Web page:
Before moving on, I’d like to reference the Australian child-caring lady to other similar initiatives. Similarly, a Mongolian man heads a Catholic orphanage, and he had brought all the youngsters in single file, an army of miniature-astronauts clad in their multi-layered winter outfits, into the Oz play performance. It was one of those Sights… Also, IWAM has conducted, as this month’s project, a sponsorship and support program of 50 children from the poor town of Nailakh (where the coal-mining industry closed down to the dismay of Nailakh’s economy) to attend kindergarten and have regular meals. (Save the Children has donated some livestock to the project, by the way). As to more personal efforts, an American woman, Eliot, who has been here for years and years, has adopted FOUR Mongolian infants and is now raising them happily with her husband. Steve and Katie (with both of whom I went to Karakurum together in MWC No. 2) has taken a similar step with his wife, and adopted a sweet little baby from here, to take back to the US. The primary reason he came on the Karakurum tour was to see and learn as much about his son’s homeland as possible before leaving, so as to be able to teach him about it later, and help him feel more acquainted when they return to visit some day in the future.

A lot of such charitable deeds are going on here, which goes to show the country is in a difficult transition state and could use a lot of help. All the UN and World Bank staff present here is another indicator. Actually, these organizations are ever-present in most countries, but in UB, the way their headquarters buildings stand out on the main streets, and the way the large majority of expatriates are either diplomatic or UN/WB & co., you can tell aid is a priority issue on the national agenda. I don’t know if I am totally correct in saying this (actually, some of what I say is probably at risk of being incorrect, but hey what to do, how to know), but I saw a copy of a letter in the living room, from the US Embassy to the Ministry of Health, advising them to rethink their newly proposed legislation on birth control and the prevention of abortion to heed human rights issues. A noticeable number of UN/WB-type staff are posted after their term in Mongolia, to countries in Africa, which shows the type of specialization they have.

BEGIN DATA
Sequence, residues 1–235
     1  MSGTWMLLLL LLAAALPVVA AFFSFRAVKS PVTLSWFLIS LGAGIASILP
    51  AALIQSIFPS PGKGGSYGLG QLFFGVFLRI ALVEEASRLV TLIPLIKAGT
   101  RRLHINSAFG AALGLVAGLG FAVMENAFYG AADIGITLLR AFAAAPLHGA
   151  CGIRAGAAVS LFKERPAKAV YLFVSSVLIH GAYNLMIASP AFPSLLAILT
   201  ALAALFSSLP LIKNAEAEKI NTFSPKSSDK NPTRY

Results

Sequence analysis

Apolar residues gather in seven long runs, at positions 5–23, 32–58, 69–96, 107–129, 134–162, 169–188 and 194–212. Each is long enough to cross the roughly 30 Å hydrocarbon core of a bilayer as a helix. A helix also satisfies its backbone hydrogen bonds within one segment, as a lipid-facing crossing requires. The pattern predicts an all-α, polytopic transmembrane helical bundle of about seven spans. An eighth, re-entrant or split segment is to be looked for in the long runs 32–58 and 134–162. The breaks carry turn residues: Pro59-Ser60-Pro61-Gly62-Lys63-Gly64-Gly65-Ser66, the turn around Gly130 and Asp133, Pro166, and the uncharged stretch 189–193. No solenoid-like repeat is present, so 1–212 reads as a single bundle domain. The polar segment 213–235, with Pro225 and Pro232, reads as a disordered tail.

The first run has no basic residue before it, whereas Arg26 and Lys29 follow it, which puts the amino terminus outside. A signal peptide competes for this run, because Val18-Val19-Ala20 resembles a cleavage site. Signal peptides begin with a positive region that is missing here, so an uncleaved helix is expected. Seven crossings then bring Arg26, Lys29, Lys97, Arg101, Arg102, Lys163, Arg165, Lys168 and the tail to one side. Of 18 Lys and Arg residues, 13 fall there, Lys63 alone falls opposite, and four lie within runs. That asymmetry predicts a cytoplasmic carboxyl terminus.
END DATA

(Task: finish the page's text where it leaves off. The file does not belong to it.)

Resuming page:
The true highlight of this week has been the international symposium of the Institute of Nomadic Civilizations, founded only a year ago and holding its second annual general meeting. As I had mentioned at the end of the last MWC, two professors from Turkey also attended, and we kind of ‘looked after’ them throughout their stay here. The first event of the week was a large more-or-less formal dinner Monday night, hosting the two professors, the Mongolian gentleman who is the head of the institute, a colleague of his, the coordinator lady, then a Frenchman, M. Le Grand and a Scots/Frenchwoman, Gale from UNESCO, then a member of our embassy staff, Mr. and Mrs. Ambassador, and the ‘fourth important female person’, remember?!..